Biometric scans for visas

By Jasminee Sahoye

A new immigration requirement for temporary resident visas, study and work permits for citizens of a number of countries including Jamaica, Haiti and Colombia to enter Canada becomes effective this year.

Citizens from these countries will be required to have their fingerprints and photographs collected before arriving in Canada.
Citizenship and Immigration Canada (CIC) published proposed regulations on December 8, 2012 that will authorize the collection and use of biometric data from certain foreign nationals who apply for a temporary resident visa, study permit and work permit.

Biometrics is used as a measurement of one’s unique physical characteristics such as fingerprints and facial image. It aids in the identification of the applicant because of the uniqueness of these identifiers.

The fingerprints collected would be sent to the Royal Canadian Mounted Police (RCMP) for storage and would be checked against the fingerprint records of refugee claimants, previous deportees, persons with Canadian criminal records, and previous temporary resident applicants before a visa decision is made.

The biometric identity established abroad would then be checked by a Canada Border Services Agency (CBSA) officer at a Canadian port of entry, when the temporary resident applied for admission to Canada.
The CBSA officer will initially compare the digital photograph in the system with the individual who was seeking entry. Where a CBSA officer has concerns regarding the identity of that individual, he or she would also have the discretion to request an electronic scan of the individual’s fingerprints at an equipped port of entry for comparison against those collected abroad.

According to CIC, this new biometrics will help to prevent the return of deportees highlighting cases where deportees returned several times; in one instance, a man who was convicted for assault and drug trafficking was deported and returned 10 times.

Applicants who are subject to the biometric requirement will be required to pay a biometrics fee of $85 CAD.

The new biometric requirement would exempt applicants who are under the age of 14 and over the age of 79 and properly accredited diplomats, consular officers, representatives or officials of a country other than Canada, of the United Nations or any of its agencies or of any intergovernmental organization of which Canada is a member, or is a family member of one of them.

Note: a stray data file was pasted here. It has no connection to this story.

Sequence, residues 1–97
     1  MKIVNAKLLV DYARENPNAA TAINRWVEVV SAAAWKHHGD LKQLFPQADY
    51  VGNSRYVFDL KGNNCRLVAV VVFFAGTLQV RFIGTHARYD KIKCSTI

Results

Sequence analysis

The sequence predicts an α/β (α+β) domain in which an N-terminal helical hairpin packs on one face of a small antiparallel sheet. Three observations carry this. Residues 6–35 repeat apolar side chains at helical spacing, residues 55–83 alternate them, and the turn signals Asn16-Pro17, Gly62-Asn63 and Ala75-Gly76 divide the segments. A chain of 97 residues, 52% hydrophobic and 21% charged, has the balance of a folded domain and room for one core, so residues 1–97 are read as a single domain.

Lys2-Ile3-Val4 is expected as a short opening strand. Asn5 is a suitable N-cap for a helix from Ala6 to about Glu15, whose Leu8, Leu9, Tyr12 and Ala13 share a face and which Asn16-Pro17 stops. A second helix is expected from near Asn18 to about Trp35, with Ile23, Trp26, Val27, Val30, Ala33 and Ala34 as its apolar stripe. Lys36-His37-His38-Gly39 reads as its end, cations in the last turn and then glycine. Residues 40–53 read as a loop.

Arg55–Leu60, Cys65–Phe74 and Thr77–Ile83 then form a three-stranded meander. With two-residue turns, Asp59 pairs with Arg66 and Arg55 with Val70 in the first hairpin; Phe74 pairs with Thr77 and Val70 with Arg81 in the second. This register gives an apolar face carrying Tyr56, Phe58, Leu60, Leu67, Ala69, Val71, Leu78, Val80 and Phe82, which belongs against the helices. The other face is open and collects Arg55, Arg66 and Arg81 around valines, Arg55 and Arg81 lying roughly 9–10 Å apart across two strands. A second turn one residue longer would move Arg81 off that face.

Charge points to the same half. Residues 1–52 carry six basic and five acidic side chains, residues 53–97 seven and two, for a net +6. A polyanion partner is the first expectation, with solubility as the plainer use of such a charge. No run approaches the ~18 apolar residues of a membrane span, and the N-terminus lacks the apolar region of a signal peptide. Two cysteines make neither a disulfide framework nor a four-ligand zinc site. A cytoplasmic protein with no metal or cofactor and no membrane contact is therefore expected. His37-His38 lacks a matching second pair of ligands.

Other categories of applicants who would be exempted from the biometrics requirement include a holder of a valid United States entry visa who is destined to or returning from that country, is seeking to enter Canada for a period of less than 48 hours and is travelling by transporter’s vehicle to a destination other than Canada, or transiting through or stopping over in Canada for refuelling or for the continuation of their journey in another transporter’s vehicle.

The biometrics requirements would not be applicable for anyone applying for a study or work permit who live in Canada and made refugee protection claim that has not been determined as well as those that refugee protection has been conferred and a person who is a member of the Convention refugees abroad class or a humanitarian-protected persons abroad class.

“Biometrics will be an important new tool to help protect the safety and security of Canadians by reducing identity fraud and identity theft,” said Citizenship and Immigration Minister Jason Kenney said last year when he introduced legislation to protection the integrity of Canada`s immigration system.

“As fraudsters become more sophisticated, biometrics will improve our ability to keep violent criminals and those who pose a threat to Canada out. In short, biometrics will strengthen the integrity of Canada’s immigration system while helping facilitate legitimate travel,” Kenney said.

He added that these measures would put Canada in line with international partners such as the United Kingdom, the European Union, Australia, and the United States. This would help prevent known criminals, failed refugee claimants and deportees from using a fake identity to obtain a visa. The use of biometrics would also bolster Canada’s existing measures to facilitate legitimate travel by providing a fast and reliable tool for confirming identity.